Infiniti plans 100,000 sales in Europe by 2016
Key model will be Europe-made compact due in 2 years
TURIN – Renault-Nissan CEO Carlo Ghosn has set a bold target for Infiniti in Europe: boost sales to 100,000 vehicles by 2016 from 12,500 last year.
The huge volume increase for the Nissan luxury brand in Europe, including Turkey and Russia, is part of Ghosn's ambition to triple Infiniti's global sales to 500,000 units by 2016 from 146,000 last year.
The car Infiniti is counting on to drive the European sales increase will be a compact-premium model due in 2014. The Europe-built model, which will compete against the Audi A3, BMW 1 series and Mercedes Benz A class, will take design cues from the Etherea concept that was unveiled at the 2011 Geneva auto show.
"This new vehicle represents a significant opportunity for the Infiniti brand to reach new consumers and grow in key markets such as western Europe," said Andy Palmer, who is the Nissan executive vice president responsible for Infiniti.
The production version of the car will be built by Austrian contract manufacturer Magna Steyr. Polish media reports say that Magna Steyr could build the Infiniti compact in a former FSO-Daewoo plant in Warsaw. Last month, Polish Deputy Economy Minister Andrzej Dycha was quoted by the PAP news agency as saying Magna Steyr could turn out 200,000 cars a year within five years of the plant's takeover, which still requires approval.
The new Infiniti will be based on the platform that underpins the Mercedes A- and B-class cars. Mercedes parent Daimler formed an alliance with Renault and Nissan in April 2010.
Sources told Automotive News Europe last December that Magna Steyr could make 50,000 to 60,000 units a year of the production version of the Etherea.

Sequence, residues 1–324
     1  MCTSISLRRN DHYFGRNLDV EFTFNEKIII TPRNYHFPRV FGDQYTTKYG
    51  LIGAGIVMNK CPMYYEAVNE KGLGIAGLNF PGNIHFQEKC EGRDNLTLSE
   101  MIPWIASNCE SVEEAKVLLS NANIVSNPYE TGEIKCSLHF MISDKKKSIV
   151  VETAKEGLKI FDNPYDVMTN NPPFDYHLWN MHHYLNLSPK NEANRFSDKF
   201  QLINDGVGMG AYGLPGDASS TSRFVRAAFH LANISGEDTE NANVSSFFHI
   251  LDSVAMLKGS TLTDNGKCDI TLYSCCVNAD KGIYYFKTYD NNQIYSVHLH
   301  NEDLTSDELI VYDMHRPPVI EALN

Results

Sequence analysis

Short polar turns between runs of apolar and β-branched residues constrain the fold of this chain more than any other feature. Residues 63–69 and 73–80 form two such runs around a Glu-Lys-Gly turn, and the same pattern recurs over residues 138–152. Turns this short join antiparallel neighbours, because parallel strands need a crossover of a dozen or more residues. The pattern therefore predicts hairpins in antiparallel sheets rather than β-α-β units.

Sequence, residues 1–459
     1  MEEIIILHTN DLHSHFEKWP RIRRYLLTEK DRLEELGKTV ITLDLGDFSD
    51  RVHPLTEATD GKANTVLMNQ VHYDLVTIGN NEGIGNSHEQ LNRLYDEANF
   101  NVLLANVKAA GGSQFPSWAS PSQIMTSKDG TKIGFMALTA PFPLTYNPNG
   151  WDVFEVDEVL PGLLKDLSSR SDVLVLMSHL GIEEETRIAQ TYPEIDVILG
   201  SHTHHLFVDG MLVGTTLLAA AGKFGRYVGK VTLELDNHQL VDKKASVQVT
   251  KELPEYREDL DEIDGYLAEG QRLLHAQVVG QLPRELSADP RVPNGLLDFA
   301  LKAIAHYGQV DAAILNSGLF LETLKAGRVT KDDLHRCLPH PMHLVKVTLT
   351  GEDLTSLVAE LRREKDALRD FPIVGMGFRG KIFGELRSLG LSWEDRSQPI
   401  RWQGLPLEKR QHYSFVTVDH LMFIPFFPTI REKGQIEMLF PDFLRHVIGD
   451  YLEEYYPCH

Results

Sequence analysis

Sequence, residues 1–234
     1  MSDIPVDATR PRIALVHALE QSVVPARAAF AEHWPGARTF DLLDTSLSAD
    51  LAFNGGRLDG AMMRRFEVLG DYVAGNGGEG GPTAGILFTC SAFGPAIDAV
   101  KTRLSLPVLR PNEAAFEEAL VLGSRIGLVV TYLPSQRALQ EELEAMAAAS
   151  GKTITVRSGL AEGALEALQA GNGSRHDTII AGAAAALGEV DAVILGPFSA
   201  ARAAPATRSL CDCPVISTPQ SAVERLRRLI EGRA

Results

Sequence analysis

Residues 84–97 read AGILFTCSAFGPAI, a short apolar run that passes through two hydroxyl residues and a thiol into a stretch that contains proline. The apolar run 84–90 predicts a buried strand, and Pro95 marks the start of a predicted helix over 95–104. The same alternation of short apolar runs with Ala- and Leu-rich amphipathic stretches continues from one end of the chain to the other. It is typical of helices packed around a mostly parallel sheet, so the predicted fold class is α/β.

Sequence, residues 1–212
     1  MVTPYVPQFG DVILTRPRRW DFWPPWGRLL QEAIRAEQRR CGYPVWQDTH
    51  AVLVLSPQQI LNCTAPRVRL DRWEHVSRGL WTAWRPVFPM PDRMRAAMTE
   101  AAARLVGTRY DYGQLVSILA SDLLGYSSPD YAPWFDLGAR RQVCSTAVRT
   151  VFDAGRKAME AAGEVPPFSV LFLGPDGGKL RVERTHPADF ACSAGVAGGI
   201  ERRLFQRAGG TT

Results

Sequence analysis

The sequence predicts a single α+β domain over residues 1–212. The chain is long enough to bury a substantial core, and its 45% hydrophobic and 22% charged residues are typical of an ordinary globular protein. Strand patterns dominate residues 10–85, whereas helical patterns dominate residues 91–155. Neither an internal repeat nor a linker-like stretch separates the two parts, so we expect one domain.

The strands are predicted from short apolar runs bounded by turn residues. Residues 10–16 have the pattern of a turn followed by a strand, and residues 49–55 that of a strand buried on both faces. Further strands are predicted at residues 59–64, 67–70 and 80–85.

Infiniti debuted in Europe four years ago. It arrived at the start of the global economic downturn and was further hampered by only offering gasoline-powered SUVs. It now also sells sedans and offers diesels in Europe. The automaker also has a new global boss: longtime Audi executive Johan De Nysschen. He knows how to turn a strong but struggling brand into a winner on foreign soil, which he proved as Audi of America president. Audi's share of the U.S. luxury market has climbed from 5.3 percent in 2004 to 9.5 percent last year, and the Volkswagen Group-owned brand is quickly gaining on its key competitors, BMW and Mercedes-Benz. Last year, it sold 117,561 vehicles in the United States, a 16 percent increase over 2010.
Even if De Nysschen and Infiniti reach Ghosn's tough European sales target, the automaker will have a long way to go to catch up to its German rivals. Audi sold 692,979 units in Europe last year, ahead of BMW's 655,508 and Mercedes's 605,843, according to market researcher JATO Dynamics.
You can reach Luca Ciferri at firstname.lastname@example.org.